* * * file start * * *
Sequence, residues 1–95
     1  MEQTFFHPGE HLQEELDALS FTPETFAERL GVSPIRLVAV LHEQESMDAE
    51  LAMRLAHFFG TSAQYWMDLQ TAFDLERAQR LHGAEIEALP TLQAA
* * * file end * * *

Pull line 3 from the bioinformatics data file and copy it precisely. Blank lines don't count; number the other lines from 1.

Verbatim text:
    51  LAMRLAHFFG TSAQYWMDLQ TAFDLERAQR LHGAEIEALP TLQAA